paula Scher (born October 6, 1948, Virginia) is an American graphic designer, illustrator, painter and art educator in design, and the first female principal at Pentagram, which she joined in 1991.

She is the 16th recipient of the School of Visual Art’s Masters Series Award and an exhibition of her work can be seen at the Visual Arts Museum & School of Visual Arts, which ties in with her book, Make it Bigger.


Paula Scher studied at the Tyler School of Art, Elkins Park, Pennsylvania and earned a Bachelor of Fine Arts in 1970. Later on in life she moved to New York City and took her first job as a layout artist for Random House children’s book division.


in 1994, Paula Scher was the first designer to create a new identity and promotional graphics system for The Public Theater, a program that become the turning point of identity in designs that influence much of the graphic design created for theatrical promotion and for cultural institutions in general.

Based on the challenge to raise public awareness and attendance at the Public Theater along with trying to appeal to a more diverse crowd, Scher created a graphic language that reflected street typography and graffiti-like juxtapostion. In 1995, Paula Scher and her Pentagram team created promotional campaigns for The Public Theater’s production of Savion Glover’s Bring in’Da Noise, Bring in ‘Da Funk that featured the wood typefaces used throughout The Public Theater’s identity. Scher was inspired by Rob Ray Kelly’s American Wood Types and the Victorian theater‘s poster when she created the cacophony of disparate wood typefaces, silhouetted photographs and bright flat colors for the theater’s posters and billboard. Scher limited her colors to two or three while highlighted the play’s title and theater logo that surrounded the tap artist in a typographical be-bop. The design was to appeal to a broad audience from the inner cities to the outer boroughs, especially those who hadn’t been attracted to theater.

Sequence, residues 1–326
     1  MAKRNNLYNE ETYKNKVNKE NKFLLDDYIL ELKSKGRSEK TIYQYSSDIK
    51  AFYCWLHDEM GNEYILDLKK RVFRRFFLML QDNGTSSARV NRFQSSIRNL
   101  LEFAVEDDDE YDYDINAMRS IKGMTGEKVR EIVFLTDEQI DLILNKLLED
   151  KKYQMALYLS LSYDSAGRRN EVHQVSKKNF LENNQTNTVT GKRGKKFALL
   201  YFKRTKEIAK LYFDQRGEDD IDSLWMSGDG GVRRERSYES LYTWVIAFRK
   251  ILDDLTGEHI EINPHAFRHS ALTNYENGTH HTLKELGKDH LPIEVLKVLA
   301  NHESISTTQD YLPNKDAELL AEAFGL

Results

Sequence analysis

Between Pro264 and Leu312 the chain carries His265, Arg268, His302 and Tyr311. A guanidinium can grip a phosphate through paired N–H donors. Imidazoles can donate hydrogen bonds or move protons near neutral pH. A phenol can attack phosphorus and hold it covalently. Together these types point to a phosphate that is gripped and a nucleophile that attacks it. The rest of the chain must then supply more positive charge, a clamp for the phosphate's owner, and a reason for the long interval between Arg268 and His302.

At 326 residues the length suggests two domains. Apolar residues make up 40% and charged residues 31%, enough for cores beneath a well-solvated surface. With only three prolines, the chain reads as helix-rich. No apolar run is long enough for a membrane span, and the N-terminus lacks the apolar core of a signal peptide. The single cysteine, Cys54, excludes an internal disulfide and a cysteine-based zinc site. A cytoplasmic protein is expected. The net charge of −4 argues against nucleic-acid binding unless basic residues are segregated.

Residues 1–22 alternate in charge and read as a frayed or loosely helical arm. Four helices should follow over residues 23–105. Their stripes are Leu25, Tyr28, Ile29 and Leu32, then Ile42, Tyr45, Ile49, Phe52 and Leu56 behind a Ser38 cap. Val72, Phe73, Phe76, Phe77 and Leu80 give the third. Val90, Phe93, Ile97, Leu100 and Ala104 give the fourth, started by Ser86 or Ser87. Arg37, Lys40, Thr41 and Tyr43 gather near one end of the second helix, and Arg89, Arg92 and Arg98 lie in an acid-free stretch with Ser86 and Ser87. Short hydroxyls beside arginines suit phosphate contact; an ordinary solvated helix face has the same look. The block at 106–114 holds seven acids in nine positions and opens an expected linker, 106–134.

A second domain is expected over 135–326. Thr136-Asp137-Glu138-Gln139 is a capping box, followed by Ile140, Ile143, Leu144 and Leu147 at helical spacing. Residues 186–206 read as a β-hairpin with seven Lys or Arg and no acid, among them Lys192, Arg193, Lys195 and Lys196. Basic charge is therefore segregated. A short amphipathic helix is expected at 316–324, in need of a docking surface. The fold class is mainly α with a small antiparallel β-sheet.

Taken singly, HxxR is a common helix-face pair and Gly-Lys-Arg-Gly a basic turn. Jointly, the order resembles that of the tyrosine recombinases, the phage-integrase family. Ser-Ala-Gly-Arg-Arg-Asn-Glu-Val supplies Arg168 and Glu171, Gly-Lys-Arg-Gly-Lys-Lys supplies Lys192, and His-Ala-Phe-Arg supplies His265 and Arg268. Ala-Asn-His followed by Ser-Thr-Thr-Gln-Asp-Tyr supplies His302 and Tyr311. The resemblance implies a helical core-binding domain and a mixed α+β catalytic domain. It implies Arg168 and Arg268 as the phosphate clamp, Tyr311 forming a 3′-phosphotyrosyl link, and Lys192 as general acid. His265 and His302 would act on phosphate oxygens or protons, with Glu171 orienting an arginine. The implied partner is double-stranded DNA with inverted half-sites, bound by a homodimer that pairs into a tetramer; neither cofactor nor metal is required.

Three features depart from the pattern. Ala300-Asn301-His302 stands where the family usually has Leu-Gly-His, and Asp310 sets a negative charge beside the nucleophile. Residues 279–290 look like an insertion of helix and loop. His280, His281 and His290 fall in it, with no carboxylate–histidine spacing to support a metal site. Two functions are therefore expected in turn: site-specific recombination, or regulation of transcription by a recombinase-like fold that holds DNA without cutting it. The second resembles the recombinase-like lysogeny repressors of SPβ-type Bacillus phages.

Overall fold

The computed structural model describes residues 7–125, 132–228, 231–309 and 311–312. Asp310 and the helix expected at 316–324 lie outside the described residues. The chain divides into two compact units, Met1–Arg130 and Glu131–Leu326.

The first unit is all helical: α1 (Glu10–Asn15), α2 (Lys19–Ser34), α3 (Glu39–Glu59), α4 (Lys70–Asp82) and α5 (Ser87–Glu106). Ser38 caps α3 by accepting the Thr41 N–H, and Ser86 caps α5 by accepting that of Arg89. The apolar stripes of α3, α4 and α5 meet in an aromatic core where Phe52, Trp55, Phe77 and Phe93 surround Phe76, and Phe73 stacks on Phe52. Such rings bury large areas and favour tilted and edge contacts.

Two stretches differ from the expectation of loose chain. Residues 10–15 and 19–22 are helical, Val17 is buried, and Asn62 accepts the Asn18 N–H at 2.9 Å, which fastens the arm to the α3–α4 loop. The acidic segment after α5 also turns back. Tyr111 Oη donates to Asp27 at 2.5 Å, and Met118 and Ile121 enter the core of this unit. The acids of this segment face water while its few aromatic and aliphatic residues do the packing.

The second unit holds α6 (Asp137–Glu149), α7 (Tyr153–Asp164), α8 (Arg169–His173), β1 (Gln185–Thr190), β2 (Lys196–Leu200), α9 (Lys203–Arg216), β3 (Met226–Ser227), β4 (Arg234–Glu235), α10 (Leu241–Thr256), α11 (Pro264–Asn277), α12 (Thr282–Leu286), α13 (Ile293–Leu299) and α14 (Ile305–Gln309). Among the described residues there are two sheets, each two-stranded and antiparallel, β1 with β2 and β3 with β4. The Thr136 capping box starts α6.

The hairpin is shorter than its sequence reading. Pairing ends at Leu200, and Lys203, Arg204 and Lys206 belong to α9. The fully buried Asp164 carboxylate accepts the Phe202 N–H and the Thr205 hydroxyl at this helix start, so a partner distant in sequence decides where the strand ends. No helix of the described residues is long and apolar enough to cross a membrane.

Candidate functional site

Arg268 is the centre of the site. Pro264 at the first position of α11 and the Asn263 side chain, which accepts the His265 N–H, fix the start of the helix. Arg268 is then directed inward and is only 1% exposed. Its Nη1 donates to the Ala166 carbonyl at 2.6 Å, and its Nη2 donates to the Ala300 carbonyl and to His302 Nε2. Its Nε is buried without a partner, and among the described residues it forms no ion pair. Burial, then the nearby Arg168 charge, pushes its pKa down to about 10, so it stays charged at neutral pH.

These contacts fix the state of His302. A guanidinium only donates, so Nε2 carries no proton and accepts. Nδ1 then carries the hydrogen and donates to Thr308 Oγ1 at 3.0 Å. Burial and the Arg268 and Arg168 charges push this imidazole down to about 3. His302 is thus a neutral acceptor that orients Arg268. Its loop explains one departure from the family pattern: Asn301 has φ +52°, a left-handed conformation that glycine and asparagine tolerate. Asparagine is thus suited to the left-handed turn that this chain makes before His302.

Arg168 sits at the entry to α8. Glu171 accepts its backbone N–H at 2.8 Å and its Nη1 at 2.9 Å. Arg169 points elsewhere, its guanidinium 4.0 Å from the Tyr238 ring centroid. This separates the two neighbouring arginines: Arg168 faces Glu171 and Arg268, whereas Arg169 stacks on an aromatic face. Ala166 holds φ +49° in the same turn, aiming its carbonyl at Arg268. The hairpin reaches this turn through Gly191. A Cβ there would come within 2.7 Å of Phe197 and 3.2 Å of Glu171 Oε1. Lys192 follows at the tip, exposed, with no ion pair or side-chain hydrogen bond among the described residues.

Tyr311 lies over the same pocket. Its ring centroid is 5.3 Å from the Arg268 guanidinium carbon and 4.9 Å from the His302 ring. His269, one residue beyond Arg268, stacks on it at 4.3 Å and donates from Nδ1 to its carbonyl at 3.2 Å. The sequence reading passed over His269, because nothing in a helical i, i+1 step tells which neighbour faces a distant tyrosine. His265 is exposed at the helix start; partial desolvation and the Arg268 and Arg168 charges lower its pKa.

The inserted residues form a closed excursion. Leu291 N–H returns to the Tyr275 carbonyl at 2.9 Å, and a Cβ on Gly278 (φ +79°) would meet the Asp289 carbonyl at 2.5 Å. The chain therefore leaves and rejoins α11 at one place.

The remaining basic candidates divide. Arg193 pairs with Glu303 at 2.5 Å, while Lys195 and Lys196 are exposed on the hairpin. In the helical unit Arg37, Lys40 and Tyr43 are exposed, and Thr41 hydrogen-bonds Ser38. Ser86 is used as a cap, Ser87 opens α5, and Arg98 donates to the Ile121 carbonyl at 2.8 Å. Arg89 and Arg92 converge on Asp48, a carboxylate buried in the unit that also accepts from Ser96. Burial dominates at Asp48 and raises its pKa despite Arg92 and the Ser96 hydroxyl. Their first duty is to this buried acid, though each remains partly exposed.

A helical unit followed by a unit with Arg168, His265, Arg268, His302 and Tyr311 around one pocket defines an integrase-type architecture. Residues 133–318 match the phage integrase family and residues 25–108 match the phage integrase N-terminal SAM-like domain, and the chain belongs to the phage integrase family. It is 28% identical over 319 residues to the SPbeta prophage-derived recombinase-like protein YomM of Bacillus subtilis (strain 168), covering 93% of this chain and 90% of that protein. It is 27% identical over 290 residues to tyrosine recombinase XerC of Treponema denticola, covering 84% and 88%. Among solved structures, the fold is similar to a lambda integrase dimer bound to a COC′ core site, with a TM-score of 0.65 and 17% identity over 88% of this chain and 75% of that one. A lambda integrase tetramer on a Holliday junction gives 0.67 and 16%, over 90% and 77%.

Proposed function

From 1993 to 2005, Scher worked closely with George C. Wolfe, The Public’s producer and Oskar Eustis, who joined as artistic director during the fiftieth anniversary in 2005, on the development of posters, ads, and distinct identities. As part of the anniversary campaign, the identity was redrawn using the font Akzidenz Grotesk. The word “theater” was dropped and emphasis was placed on the word “public”. By 2008, the identity was even more definitive as it used a knockout font called Hoefler & Frere-Jones which provided affordable and accessible productions.


James Victore (born in 1962, in the city of Mountain Home, Idaho) is an American art director, designer, and author.


He attended the School of Visual Arts in New York, but never graduated. His work has been shown at major art institutions, including the Museum of Modern Art in New York. James Victore is an independent graphic designer whose clients include Moët & Chandon, Target, Amnesty International, the Shakespeare Project, The New York Times, MTV, the Lower East Side Tenement Museum and Portfolio Center. He has been awarded an Emmy for television animation, a Gold Medal from the Broadcast Designers Association, the Grand Prix from the Brno Biennele (Czech Republic) and Gold and Silver Medals from the New York Art Director’s Club. Victore’s posters are in the permanent collections of the Palais du Louvre, the Library of Congress and the Museum für Gestaltung among others. He now teaches graphic design at the School of Visual Arts in New York City and is a member of the AGI.


Victore is charming and humble, describing himself as still being “the unknown designer at age 50.” This is, of course, entirely untrue. (Aside from the fact that he’s not yet turned 50.) While you may not know the man, you very likely know the work. Once you see a Victore image – many of which live in the collection at MoMA – you rarely forget it. 

Victore attributes his compulsion to question authority to his childhood on a military base during the Vietnam War. After dropping out of art school, Victore began producing self-financed posters for nonprofit organizations devoted to Native Americans, AIDS awareness, and race issues.